“We can get creative and they can rush against guards or rush two ends off of one side and get a mismatch on a back, force the protection to slide that way and maybe it frees up a guy on the other side. We’ll only be limited by our own creativity with how we use those guys.”
But Pettine doesn’t want to wear them out by using that package too often.
“If you can get to the fourth quarter of a game and have fresh pass rushers, that would be to your advantage,” he said. “You see a lot of teams that play well for a while and then it comes down to a point where they drive and it just looks like they’re running in mud.”
CELEBRATE GOOD TIMES
The receivers let everyone know when they reached the end zone. Each in his own way.
Anthony Armstrong threw a ball that almost flew into the second level of the VIP grandstand. Nate Burleson tucked the ball under his jersey and pretended to be pregnant. Rookie Willie Snead had a giant spike after one play, and threw the ball along the ground after another. Miles Austin flipped it over the goalpost.
“I think they were a little frustrated over time with the defensive backs,” Pettine said. “They’ve been very physical with them and they won a lot of the battles. I think that just spilled over.”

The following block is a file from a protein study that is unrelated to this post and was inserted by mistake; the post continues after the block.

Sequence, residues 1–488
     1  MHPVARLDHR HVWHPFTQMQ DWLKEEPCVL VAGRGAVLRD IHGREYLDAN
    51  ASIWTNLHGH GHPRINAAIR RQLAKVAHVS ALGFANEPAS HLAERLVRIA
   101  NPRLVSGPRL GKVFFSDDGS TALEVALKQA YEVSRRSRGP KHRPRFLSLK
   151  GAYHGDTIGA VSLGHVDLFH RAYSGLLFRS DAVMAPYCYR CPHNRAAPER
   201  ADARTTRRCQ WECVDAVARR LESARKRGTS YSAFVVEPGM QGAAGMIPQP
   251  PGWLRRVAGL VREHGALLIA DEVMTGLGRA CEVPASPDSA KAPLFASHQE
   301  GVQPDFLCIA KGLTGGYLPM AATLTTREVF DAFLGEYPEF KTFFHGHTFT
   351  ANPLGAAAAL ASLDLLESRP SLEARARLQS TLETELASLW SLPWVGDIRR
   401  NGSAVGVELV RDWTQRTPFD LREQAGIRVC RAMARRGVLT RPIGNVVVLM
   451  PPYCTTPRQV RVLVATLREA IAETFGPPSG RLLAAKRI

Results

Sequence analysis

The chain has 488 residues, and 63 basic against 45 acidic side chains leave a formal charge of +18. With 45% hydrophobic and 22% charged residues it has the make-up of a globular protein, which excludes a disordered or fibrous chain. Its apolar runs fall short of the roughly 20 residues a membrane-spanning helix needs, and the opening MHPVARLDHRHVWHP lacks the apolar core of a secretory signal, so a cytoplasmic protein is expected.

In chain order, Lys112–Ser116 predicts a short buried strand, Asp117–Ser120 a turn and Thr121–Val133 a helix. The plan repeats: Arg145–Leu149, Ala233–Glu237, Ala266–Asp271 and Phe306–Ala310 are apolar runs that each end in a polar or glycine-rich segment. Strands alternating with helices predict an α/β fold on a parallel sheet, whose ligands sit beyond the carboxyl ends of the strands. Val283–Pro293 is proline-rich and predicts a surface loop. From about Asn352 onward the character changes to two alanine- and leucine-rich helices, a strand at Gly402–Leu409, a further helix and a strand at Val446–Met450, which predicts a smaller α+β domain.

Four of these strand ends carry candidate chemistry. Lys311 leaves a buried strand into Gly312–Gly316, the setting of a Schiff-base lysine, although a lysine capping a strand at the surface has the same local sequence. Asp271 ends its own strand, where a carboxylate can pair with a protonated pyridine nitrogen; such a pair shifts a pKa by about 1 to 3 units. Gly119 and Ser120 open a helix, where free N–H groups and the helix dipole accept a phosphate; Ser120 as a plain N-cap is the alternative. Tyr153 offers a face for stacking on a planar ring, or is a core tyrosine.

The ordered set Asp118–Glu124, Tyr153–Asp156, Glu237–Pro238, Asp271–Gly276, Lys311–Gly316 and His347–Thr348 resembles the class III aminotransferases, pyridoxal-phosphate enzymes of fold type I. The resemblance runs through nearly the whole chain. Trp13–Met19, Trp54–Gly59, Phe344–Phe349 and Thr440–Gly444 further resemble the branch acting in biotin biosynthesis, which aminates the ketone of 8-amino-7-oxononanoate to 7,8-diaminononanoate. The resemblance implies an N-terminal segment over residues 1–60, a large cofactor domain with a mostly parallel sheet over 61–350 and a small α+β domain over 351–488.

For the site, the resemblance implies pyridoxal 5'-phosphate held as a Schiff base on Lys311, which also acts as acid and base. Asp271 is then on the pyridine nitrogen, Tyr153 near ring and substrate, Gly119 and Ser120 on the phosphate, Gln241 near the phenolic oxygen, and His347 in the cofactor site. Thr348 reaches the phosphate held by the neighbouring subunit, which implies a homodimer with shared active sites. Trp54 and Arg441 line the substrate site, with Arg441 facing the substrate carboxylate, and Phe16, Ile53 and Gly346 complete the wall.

“We had to get the offense going,” Armstrong said. “The defense was getting on a roll and we had to get the offense going.”
Burleson played to the crowd during his celebration.
“Actually, it was the only catch I got,” he said. “I knew that I was going to get one-on-one coverage, I caught the ball, toe-tapped, hashtag toedragswag — look it up — but I just put the ball underneath my shirt and walked around like a pregnant lady, just because it’s my baby. In the analogy of life, I cherish this.”
Burleson and Austin would’ve been flagged for unsportsmanlike conduct for using the ball and goalpost as props.
IT’S THE SHOES … AND BALLS
For the second time this week Manziel took the field in neon cleats, then changed. During stretching he switched from the bright green to white.
Pettine said Monday players must wear only team-issued equipment.
Rawlings is producing 2,014 Manziel footballs to salute his rookie season and raise money for the Boys & Girls Clubs in Ohio. Each football is $99, comes with a display case and features a picture and stats.
- Kicker Billy Cundiff missed three straight field goals near the end of practice. He was wide right on a ball that fluttered from 51 yards, hit the middle of the right post from 51 and was wide right from 46. He ended with a make from 46. He’s the only kicker on the roster.
- Shanahan will call the plays from the field during games, Pettine said.
- The coaches were scheduled to meet later Friday and would decide if Manziel will get any repetitions with the first team today during the Family Day scrimmage.
- Defensive lineman Phil Taylor (hamstring), linebacker LB Tank Carder (foot), linebacker Darius Eubanks (shoulder), offensive lineman Randall Harris (knee), receiver Chandler Jones (hamstring), offensive lineman Martin Wallace (shoulder) and offensive lineman Nate McDonald (wrist) didn’t practice.